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California Concentrate Producers Face New Restrictions

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While California concentrate options continue to grow in number and popularity, the means by which they are produced are being threatened. It’s true that BHO (butane hash oil, best known for its use in the recent dabbing craze) is somewhat volatile, but proper production is quite possible with a bit of knowledge and the type of extreme caution you would expect from anyone dealing with unstable materials.

The new measure states that “the use of a volatile solvent to chemically extract concentrated cannabis … within 300 feet of an occupied residence or any structure where another person [is] present” will add an aggravating factor in your case and could increase the sentence if you are convicted for otherwise illicit possession of cannabis.

It’s not an outright ban, but it applies some added pressure to those who are in it for the enjoyment of the process or for the love of sharing their concentrates. Most large-scale producers are licensed for medical production, so it’s really the hobbyist who’s taking a hit here.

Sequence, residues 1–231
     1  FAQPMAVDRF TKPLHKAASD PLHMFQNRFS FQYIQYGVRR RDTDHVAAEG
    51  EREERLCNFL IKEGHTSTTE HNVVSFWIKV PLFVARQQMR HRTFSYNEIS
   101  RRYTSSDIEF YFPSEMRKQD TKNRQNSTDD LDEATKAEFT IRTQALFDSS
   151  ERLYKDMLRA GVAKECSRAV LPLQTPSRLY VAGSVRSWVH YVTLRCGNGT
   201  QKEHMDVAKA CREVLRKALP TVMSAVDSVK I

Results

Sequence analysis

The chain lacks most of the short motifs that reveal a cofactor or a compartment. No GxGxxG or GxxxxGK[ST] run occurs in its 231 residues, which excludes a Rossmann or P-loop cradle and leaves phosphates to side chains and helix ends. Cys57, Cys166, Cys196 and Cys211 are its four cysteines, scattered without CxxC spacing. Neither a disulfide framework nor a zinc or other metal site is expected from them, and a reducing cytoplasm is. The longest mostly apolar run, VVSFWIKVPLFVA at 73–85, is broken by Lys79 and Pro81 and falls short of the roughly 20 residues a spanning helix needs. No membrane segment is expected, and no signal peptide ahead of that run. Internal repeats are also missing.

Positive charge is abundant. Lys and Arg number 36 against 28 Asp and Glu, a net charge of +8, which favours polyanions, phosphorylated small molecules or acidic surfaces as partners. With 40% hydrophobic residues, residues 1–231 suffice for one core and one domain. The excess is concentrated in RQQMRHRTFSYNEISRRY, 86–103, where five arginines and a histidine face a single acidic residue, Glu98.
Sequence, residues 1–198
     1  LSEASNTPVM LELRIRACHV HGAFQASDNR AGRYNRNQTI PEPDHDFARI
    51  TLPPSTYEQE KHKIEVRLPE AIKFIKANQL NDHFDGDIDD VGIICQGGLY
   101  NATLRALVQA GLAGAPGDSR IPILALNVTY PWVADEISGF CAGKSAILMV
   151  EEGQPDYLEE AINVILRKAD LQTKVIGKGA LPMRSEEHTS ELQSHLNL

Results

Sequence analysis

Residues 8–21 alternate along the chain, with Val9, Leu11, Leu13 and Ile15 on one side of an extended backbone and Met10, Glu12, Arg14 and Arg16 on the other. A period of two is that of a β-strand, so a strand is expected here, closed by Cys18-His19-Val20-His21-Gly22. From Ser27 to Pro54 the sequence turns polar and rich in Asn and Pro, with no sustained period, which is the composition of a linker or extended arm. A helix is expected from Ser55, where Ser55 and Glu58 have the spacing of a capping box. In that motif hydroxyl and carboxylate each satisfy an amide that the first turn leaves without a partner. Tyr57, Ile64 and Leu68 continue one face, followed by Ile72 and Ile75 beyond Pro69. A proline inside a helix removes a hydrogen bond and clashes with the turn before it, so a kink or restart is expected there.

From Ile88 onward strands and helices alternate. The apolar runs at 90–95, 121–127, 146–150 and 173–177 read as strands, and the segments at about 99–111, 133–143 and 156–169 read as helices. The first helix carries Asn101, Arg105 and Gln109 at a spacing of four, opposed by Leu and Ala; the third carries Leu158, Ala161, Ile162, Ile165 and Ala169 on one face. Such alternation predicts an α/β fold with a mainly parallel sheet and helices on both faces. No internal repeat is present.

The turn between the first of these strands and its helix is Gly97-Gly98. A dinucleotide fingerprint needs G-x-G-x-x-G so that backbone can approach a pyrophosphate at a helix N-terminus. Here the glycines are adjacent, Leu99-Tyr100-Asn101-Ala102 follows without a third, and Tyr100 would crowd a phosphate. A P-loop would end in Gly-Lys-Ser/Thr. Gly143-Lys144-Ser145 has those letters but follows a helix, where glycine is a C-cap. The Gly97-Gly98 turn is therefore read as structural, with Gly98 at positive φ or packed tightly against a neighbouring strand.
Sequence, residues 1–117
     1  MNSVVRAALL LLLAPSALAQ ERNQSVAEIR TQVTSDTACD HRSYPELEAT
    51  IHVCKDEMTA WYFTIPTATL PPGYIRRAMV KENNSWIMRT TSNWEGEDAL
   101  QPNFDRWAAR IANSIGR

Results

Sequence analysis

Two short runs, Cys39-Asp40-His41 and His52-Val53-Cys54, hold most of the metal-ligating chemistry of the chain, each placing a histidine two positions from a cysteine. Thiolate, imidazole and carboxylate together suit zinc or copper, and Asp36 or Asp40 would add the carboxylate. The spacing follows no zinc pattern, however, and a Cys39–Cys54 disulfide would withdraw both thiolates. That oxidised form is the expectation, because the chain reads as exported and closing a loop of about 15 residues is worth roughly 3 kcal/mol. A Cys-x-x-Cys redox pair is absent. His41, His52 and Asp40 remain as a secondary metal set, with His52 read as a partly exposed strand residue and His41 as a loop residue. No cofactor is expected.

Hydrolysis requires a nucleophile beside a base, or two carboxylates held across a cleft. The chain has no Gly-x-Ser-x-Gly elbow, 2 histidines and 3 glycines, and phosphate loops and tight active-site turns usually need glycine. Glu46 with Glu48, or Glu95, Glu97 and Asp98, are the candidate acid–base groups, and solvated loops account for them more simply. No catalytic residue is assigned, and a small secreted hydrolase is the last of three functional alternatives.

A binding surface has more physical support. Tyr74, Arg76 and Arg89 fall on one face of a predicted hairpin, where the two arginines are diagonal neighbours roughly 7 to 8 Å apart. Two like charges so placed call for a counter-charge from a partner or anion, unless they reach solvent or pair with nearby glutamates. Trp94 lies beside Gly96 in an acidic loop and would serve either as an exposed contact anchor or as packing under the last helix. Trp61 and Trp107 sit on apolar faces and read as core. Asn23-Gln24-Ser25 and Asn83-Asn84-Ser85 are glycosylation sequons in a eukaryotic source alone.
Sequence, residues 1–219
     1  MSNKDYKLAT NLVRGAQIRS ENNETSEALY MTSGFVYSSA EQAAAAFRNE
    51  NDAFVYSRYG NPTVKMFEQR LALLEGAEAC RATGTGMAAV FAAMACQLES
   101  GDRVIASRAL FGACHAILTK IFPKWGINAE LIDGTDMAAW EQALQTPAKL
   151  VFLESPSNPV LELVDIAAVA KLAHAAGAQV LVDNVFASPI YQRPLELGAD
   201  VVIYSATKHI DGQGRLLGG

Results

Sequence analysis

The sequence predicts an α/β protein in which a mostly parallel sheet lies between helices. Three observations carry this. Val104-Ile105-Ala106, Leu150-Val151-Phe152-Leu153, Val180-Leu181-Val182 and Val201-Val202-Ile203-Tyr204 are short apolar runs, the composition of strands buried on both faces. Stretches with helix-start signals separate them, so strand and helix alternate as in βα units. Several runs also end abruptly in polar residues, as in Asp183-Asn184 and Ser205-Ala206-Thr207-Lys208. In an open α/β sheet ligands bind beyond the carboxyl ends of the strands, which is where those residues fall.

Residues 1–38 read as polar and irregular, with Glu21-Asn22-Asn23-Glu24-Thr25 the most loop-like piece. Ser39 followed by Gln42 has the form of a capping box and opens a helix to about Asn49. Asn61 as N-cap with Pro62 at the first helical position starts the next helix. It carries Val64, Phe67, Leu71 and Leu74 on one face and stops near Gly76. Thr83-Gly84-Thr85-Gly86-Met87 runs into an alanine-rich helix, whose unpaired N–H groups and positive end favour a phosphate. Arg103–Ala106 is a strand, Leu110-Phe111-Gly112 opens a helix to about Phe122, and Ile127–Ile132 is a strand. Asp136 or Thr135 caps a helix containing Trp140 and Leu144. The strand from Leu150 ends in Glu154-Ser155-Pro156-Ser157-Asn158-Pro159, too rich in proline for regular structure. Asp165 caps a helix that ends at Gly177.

Sadly, the California concentrate measure didn’t come alone.

At the same time last week, Gov. Brown also signed into law a measure that will impose harsh punishments for those who “guerrilla grow” in the state. The law will give new powers to the Department of Fish and Wildlife as they attempt to reduce the amount of cannabis currently being grown in illegal places.

Last year, officials with the Department of Fish and Wildlife performed almost 250 raids on illegal grows, with more than half a million marijuana plants and 15,000 pounds of dried buds seized. They’re not so worried about the potency or potential illicit nature of the plants’ product, though. The recent crackdown serves to protect the local habitat, which is often threatened by growers who do not respect their environment while producing cannabis.

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